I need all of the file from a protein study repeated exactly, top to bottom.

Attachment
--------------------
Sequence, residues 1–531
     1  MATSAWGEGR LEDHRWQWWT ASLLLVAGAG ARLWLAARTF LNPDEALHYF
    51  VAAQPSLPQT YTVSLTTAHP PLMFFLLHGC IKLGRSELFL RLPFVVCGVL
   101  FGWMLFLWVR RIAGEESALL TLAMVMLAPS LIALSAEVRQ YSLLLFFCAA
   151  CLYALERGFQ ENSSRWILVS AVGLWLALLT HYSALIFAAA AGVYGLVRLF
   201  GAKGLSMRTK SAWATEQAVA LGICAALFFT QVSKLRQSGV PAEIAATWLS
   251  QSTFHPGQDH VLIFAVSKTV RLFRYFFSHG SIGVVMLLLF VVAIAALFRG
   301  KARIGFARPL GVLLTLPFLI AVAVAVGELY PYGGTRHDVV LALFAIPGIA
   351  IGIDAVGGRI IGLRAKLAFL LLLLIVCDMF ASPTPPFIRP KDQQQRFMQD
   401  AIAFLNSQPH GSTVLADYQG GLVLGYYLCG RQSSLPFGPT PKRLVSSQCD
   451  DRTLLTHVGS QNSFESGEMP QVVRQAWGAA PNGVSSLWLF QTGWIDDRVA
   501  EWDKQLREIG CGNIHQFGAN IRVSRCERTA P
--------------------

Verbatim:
Sequence, residues 1–531
     1  MATSAWGEGR LEDHRWQWWT ASLLLVAGAG ARLWLAARTF LNPDEALHYF
    51  VAAQPSLPQT YTVSLTTAHP PLMFFLLHGC IKLGRSELFL RLPFVVCGVL
   101  FGWMLFLWVR RIAGEESALL TLAMVMLAPS LIALSAEVRQ YSLLLFFCAA
   151  CLYALERGFQ ENSSRWILVS AVGLWLALLT HYSALIFAAA AGVYGLVRLF
   201  GAKGLSMRTK SAWATEQAVA LGICAALFFT QVSKLRQSGV PAEIAATWLS
   251  QSTFHPGQDH VLIFAVSKTV RLFRYFFSHG SIGVVMLLLF VVAIAALFRG
   301  KARIGFARPL GVLLTLPFLI AVAVAVGELY PYGGTRHDVV LALFAIPGIA
   351  IGIDAVGGRI IGLRAKLAFL LLLLIVCDMF ASPTPPFIRP KDQQQRFMQD
   401  AIAFLNSQPH GSTVLADYQG GLVLGYYLCG RQSSLPFGPT PKRLVSSQCD
   451  DRTLLTHVGS QNSFESGEMP QVVRQAWGAA PNGVSSLWLF QTGWIDDRVA
   501  EWDKQLREIG CGNIHQFGAN IRVSRCERTA P